Whole Wheat Flaxseed Waffles

For some time now I’ve been trying to increase our household consumption of whole grains. We do okay with grains at lunch and supper, but breakfast has always been a white flour wasteland for us. I recently switched to whole grain bagels, homemade at first but now bought more often at the grocery store. Waffles presented a different kind of challenge. There is no store-bought option for us. We always make our own, so I needed to find a way to ramp up the grains without ruining the taste and texture. (As I noted in a 2020 post, we eat a lot of waffles in our house. I’ve long contemplated tweaking the recipe to boost their nutritional profile. It took me a while to actually do it but, better late than never.) 

My first attempt involved oat flour, ground from rolled oats in my blender. I just substituted it for some of the white flour and made no further adjustments. The result was a gummy, dense waffle. Not exactly a success. I’m not saying oat flour can’t work in waffles, just not in the way I used it.

I went back to the drawing board, deciding to ditch the oat flour for whole wheat and add ground flaxseed for some healthy fat and fibre. On the first day I made these “revised” waffles, I left them on the cooling rack with no indication anything had changed. When I asked how the waffles were, the first diner of the day uttered an enthusiastic “good.” In the days since, he has eaten them without question or complaint so I think this recipe is a winner. There is still white flour present, but also a good amount of whole wheat, ground flaxseed and a lot less sugar and oil than in the original. It is not as nutrient-dense as I would like but I think it is a great starting point. I will continue my experiments and post any future successes as they come. Read the section below the recipe for the rationale behind the recipe.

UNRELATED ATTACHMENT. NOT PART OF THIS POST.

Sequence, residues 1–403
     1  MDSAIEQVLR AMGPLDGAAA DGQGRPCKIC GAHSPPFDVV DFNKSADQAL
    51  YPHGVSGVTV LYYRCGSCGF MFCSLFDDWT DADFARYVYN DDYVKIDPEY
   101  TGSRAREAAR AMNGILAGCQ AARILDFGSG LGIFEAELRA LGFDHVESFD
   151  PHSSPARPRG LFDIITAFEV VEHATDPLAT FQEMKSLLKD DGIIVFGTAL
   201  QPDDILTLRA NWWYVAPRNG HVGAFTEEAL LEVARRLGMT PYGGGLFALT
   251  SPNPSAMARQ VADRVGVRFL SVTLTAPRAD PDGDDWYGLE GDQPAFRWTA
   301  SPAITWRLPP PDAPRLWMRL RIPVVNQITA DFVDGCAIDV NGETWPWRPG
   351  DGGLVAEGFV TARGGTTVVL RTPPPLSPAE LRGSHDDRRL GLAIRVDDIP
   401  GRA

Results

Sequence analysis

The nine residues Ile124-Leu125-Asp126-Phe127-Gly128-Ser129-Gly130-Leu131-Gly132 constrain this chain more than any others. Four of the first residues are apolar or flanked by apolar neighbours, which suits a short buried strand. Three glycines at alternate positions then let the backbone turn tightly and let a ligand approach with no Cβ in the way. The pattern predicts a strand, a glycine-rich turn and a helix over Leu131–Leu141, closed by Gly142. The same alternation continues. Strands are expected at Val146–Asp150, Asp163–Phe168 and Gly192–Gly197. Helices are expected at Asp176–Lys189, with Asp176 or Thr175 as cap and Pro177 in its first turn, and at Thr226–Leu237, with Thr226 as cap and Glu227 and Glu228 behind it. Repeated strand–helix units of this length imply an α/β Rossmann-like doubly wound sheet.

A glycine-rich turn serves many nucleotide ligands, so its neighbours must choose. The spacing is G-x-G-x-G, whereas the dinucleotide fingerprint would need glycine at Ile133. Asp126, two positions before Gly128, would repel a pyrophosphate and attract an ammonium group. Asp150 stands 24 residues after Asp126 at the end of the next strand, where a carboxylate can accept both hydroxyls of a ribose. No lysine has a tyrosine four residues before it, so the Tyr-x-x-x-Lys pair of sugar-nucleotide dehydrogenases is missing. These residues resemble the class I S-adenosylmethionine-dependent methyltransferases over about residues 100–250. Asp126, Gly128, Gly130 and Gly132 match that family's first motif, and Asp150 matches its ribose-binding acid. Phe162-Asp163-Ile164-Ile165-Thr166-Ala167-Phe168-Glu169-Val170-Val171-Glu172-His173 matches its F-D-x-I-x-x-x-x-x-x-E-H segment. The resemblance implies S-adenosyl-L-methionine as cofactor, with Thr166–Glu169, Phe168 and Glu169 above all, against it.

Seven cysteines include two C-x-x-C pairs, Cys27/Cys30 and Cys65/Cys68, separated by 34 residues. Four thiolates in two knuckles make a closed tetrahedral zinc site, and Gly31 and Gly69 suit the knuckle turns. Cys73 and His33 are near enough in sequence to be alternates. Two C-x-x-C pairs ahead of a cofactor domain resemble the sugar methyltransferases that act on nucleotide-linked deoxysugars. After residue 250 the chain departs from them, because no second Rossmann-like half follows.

Whole Wheat Flaxseed Waffles

The result of my efforts to build a better waffle, this recipe includes flaxseed and whole wheat flour to add more fibre and healthier fats than in traditional waffles, while imparting a slightly nutty flavour. The batter is a little heavier and more moist than traditional waffle batter so you may find they need a little more cooking time. I also recommend preparing the batter and letting it sit while the waffle maker heats up, to allow for hydration of the flours. See the recipe and notes for more details.
Prep Time10 minutes
Cook Time25 minutes
Total Time35 minutes
Course: Breakfast
Keyword: Breakfast
Servings: 6 waffles

Equipment

  • 1 Waffle Maker

Ingredients

  • 1 1/4 cup all-purpose flour
  • 3/4 cup whole wheat flour
  • 4 tbsp ground flaxseed
  • 2 tbsp cornmeal
  • 2 tbsp brown sugar
  • 3/4 tsp baking soda
  • 3/4 tsp kosher salt
  • 2 large eggs
  • 2 cups buttermilk
  • 3/4 cup 2% milk
  • 2 tbsp canola or other neutral oil
  • 1 tsp vanilla extract

Instructions

  • Whisk together flours, flaxseed, cornmeal, brown sugar, baking soda, and salt in a large mixing bowl or batter bowl.
  • In a separate bowl, whisk together eggs, milks, oil, and vanilla extract.
  • Add wet ingredients to dry, whisking until well combined. See Notes.
  • Let mixture sit while waffle maker heats so flours have a chance to hydrate a bit before cooking. Follow the instructions for your waffle maker for amounts and cooking time. Because of the whole wheat flour, you might want to cook these a little longer to ensure they are completely done. See Notes.

Notes

  • When mixing, follow the instructions or recipes included with your waffle maker. Some will suggest whisking until no lumps remain, while others will suggest mixing until just combined.